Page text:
Washington State Senate Passes Data Privacy Bill

The Washington state Senate passed a data privacy bill Feb. 14 that would give consumers greater access to and control over their personal data.

Senate Bill 6281, sponsored by state Sen. Reuven Carlyle, gives Washington residents the right to know who is using their data and why, the right to correct inaccurate personal data, and the right to delete certain personal data.

“This bill carefully, responsibly takes the best practices from Europe, California, and other states to build a data privacy regulatory framework that will help set a standard and lead the nation in bringing our data privacy laws into the 21st century,” said Carlyle, who chairs the Senate Environment, Energy & Technology Committee.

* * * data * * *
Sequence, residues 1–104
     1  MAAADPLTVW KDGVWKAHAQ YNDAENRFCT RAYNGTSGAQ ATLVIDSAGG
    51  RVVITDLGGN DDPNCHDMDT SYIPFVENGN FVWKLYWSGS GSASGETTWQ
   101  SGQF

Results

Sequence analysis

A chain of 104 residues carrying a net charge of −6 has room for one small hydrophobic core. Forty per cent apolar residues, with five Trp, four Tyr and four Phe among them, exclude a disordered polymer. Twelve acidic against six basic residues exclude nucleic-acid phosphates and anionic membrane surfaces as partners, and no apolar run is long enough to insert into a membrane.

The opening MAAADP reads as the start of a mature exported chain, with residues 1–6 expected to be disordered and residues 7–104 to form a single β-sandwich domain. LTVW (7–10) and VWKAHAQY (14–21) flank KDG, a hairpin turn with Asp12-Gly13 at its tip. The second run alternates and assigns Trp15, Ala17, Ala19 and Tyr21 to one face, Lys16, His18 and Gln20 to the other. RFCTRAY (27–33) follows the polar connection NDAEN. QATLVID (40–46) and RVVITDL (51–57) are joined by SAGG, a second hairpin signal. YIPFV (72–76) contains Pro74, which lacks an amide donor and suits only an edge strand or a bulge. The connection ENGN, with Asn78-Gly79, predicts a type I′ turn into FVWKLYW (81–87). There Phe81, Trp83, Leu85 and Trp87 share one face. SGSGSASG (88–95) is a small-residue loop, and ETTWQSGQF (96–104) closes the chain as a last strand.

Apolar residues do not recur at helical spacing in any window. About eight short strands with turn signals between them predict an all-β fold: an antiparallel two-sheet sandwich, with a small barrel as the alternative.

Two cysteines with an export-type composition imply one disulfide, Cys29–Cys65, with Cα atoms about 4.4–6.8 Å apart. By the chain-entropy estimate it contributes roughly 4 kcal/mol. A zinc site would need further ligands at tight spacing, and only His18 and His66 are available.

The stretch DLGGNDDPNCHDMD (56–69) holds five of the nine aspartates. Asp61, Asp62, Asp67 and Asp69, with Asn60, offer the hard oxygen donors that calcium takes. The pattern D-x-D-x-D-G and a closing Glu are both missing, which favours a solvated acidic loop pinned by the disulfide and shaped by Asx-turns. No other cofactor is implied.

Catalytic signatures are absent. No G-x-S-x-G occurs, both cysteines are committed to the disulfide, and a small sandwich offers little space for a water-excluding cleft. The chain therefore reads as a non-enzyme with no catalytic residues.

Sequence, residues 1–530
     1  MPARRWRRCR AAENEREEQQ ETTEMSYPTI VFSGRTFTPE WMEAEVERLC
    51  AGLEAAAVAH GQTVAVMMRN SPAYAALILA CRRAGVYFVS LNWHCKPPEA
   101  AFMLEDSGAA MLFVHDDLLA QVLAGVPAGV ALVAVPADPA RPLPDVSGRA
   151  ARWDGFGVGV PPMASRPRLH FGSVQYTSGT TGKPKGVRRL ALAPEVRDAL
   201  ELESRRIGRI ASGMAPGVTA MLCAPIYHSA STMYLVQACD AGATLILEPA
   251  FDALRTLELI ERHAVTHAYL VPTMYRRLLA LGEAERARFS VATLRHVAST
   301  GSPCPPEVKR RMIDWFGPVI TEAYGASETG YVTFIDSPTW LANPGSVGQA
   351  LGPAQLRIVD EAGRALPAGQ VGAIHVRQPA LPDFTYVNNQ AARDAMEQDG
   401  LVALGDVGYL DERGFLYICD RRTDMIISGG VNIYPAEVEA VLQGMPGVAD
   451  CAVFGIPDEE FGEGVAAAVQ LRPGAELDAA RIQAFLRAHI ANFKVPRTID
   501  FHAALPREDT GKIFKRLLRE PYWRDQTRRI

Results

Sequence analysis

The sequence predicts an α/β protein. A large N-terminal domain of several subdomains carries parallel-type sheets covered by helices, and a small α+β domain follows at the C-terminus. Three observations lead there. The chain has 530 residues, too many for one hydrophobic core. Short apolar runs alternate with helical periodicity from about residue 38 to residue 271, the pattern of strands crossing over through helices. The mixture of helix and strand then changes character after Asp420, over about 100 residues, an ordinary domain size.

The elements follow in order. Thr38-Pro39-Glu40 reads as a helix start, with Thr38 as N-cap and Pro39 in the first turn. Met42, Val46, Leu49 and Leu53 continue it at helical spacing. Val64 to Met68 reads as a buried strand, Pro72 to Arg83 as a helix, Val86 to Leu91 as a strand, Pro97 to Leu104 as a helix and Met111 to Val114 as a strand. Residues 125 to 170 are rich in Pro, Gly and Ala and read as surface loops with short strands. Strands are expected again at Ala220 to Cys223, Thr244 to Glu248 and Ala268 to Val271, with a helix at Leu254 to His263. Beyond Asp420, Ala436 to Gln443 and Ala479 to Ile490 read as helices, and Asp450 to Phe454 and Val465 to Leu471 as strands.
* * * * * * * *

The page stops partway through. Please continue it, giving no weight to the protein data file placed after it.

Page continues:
Entities that control or process personal data of more than 100,000 consumers annually or obtain 50 percent of gross revenue from the sale or process of personal data of over 25,000 consumers are subject to the proposed regulation. The bill does not apply to data processed by local governments and state agencies.

Unlike the California Consumer Privacy Act, which took effect Jan. 1, the bill gives Washington residents the right to correct inaccurate personal data. The Washington bill also makes consumers opt in before businesses can use their likenesses in facial recognition programs.

The bill is scheduled for a public hearing in the House Committee on Innovation, Technology & Economic Development on Feb. 21.

 

 

Dwight Weingarten
About Dwight Weingarten
Dwight Weingarten is MeriTalk SLG's Staff Reporter covering the intersection of government and technology.